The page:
Two years ago, Margaret left her Arctic home for the outsiders' school. Now she has returned and can barely contain her excitement as she rushes towards her waiting family -- but her mother stands still as a stone. This strange, skinny child, with her hair cropped short, can't be her daughter. "Not my girl!" she says angrily.
Margaret's years at school have changed her. Now ten years old, she has forgotten her language and the skills to hunt and fish. She can't even stomach her mother's food. Her only comfort is in the books she learned to read at school.
Gradually, Margaret relearns the words and ways of her people. With time, she earns her father's trust enough to be given a dogsled of her own. As her family watches with pride, Margaret knows she has found her place once more.
Based on the true story of Margaret Pokiak-Fenton, and complemented by evocative illustrations, Not My Girl makes the original, award-winning memoir, A Stranger at Home, accessible to younger children. It is also a sequel to the picture book When I Was Eight. A poignant story of a determined young girl's struggle to belong, it will both move and inspire readers everywhere.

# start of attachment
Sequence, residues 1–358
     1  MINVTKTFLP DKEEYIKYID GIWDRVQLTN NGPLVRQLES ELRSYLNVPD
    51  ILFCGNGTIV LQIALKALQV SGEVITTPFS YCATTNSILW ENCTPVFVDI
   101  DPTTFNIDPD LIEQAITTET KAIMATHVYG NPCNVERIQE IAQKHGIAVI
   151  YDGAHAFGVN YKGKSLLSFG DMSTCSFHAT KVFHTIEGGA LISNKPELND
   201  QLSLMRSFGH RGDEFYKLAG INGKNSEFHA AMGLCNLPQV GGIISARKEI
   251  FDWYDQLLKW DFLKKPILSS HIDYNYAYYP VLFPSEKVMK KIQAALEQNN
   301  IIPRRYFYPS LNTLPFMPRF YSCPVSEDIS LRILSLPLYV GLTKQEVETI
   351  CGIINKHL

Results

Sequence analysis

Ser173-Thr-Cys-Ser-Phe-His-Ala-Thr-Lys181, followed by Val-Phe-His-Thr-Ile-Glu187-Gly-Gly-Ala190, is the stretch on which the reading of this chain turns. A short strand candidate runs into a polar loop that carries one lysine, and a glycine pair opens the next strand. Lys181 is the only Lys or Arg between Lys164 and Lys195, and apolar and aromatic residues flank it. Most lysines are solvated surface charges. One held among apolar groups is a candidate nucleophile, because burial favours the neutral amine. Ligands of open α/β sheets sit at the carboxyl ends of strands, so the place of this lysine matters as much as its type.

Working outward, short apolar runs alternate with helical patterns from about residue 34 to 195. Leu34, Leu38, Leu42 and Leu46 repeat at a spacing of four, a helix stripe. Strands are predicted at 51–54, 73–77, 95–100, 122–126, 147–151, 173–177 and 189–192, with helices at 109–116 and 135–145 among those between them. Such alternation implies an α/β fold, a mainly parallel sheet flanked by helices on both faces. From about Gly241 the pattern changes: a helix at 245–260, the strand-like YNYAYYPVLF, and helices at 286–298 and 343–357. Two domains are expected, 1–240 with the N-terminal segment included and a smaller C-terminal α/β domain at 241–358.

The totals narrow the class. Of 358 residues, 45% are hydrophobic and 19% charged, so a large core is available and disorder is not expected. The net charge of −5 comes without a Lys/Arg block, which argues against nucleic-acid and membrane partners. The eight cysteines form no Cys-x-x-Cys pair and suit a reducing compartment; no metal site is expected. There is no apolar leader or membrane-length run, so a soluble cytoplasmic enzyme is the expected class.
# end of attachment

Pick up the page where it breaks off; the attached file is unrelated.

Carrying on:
"The transition Olemaun made back into Inuit culture proved difficult because while she was away, she 'lost the skills [she] needed to be useful…[to] help feed the family…' but soon she relearned her family's customs and, in turn, aspired to honor her native traditions, and language....Culturally relevant, accurate, and soft, painterly illustrations depict the sequence of events and reinforce the bittersweet and tender reunion of Olemaun with her family." -- Natalie Braham, School Library Journal
|Recommended Age||6 - 9|
|Author||Christy Jordan-Fenton, Margaret Pokiak-Fenton|
|Publication Date||Jan 9, 2014|